A secret world is revealed as the snowpack melts in spring. Walk across a snow-covered field as the weather warms and you may encounter what look like, at first glance, cracks in the crust or (as a friend insisted) snake tracks. In fact, they are networks of tiny highways built in and under the snowpack by industrious mice and voles.
This mysterious region under the snow is the subnivean layer, from the Latin sub (under) and nives (snow). It is created in two ways. Frozen vegetation and leaf debris physically support the snow, leaving an open space above the ground. And, snow closest to the ground warms and becomes water vapor which rises and refreezes, creating an insulating roof above the open space. The end result is a humid winter habitat with relatively stable temperatures around 32 degrees F.
This habitat is a boon to mice and voles. The subnivean layer provides protection from harsh winter weather and functions as an ‘invisibility cloak’ for small mammals that are easy targets in the white winter landscape.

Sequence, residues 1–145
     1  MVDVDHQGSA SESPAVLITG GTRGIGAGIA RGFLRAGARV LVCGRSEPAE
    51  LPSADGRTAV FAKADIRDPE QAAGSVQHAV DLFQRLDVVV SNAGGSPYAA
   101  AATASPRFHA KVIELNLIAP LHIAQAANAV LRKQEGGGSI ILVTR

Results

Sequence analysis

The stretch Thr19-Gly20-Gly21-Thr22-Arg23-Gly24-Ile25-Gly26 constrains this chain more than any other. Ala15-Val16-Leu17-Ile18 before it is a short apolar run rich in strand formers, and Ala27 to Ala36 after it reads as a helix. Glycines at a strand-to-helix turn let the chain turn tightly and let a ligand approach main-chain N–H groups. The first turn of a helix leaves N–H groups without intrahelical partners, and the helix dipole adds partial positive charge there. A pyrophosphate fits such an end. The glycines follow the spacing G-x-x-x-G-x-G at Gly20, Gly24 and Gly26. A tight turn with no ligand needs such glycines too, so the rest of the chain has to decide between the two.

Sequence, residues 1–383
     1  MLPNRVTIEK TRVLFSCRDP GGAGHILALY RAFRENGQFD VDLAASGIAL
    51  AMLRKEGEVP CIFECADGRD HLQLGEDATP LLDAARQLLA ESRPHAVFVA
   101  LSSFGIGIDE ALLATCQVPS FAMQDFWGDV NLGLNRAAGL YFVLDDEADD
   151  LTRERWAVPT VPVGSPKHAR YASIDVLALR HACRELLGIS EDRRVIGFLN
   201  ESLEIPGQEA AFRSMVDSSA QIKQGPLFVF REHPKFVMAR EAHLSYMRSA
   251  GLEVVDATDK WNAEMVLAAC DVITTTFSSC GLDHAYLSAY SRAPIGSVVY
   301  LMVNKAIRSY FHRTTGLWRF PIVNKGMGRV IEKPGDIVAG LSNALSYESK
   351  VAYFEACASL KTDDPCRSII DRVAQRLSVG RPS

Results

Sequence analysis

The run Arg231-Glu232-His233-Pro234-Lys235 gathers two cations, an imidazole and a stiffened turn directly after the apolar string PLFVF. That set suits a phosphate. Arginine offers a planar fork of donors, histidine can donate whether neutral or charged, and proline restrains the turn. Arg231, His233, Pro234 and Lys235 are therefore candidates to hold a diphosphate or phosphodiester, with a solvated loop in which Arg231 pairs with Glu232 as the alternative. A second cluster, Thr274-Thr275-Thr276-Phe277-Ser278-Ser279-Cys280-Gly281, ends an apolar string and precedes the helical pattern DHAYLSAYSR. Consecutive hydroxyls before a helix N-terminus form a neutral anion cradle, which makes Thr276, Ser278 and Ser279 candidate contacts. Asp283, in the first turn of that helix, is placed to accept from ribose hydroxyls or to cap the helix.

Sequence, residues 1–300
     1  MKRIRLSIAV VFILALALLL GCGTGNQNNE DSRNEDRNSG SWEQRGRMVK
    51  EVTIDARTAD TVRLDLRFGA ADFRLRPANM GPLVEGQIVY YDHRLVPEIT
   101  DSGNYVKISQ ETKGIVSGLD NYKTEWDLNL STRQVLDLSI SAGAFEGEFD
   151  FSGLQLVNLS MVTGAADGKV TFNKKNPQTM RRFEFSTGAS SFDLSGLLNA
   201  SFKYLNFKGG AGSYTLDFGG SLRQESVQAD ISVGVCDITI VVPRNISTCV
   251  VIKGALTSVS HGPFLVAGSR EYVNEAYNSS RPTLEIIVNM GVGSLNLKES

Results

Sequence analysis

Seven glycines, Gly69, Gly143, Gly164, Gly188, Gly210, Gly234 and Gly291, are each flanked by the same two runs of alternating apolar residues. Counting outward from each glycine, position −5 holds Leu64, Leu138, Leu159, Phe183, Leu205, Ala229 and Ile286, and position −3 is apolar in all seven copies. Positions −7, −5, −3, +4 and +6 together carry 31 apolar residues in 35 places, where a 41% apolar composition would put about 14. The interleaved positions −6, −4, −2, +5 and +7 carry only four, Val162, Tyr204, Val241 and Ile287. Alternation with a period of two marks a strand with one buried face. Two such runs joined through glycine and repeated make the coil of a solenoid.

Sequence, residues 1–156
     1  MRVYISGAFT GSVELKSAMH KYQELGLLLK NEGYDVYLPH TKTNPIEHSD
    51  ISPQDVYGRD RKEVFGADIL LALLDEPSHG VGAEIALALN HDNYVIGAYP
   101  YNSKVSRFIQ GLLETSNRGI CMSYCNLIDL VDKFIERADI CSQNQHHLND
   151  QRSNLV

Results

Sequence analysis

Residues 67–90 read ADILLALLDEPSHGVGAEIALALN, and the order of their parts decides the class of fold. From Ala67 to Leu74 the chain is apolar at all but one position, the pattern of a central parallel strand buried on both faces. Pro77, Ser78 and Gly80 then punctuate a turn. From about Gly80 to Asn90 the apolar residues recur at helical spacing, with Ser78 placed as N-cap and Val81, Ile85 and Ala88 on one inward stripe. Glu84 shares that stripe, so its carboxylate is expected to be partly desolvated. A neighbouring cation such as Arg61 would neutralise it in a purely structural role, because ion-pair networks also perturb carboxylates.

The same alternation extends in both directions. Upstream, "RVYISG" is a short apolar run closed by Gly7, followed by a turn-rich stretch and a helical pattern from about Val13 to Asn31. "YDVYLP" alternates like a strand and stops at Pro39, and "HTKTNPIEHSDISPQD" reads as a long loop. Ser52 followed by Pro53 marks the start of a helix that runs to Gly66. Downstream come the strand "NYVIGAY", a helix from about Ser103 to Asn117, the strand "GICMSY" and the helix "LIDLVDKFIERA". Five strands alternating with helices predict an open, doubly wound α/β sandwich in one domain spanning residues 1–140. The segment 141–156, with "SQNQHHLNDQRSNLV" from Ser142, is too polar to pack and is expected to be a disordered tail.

Mice and voles build extensive transportation networks in the subnivean layer. These networks have entrance holes – often located at a tree trunk, large rock, or dense shrub – which double as the HVAC system. Entrances lead to sleeping areas, ‘bathrooms,’ and sources of food. Seeds, grasses, and the bark of woody plants and roots are plentiful in the subnivean layer. (Who amongst us has not been dismayed to discover a favorite young tree or shrub girdled when the snow melts in spring. Voles and mice are the culprits!)
Dismayed landscapers may be pleased to know that mice and voles are not entirely safe from predation in their winter tunnels. Ermine, the small weasels that turn white in winter, burrow along these tunnels until they find lunch. Fox, coyote, and owls have less success than the ermine, but hunger is a powerful motivator. Fox and coyotes dig down to the subnivean layer, and owls have been known to crash through the crust, feet first, in search of prey. (These scenarios conjure up frightful images of a rodent’s The Temple of Doom – tiny creatures suddenly snatched up in the jaws of an evil weasel or talons of a barred owl. )
All of this reminds us that life, mystery, and even drama can lie just beneath the surface of a seemingly banal landscape. So next time you’re crunching through the melting spring snow, look for and appreciate these elaborate transportation networks. All traces of this vital winter infrastructure will soon vanish!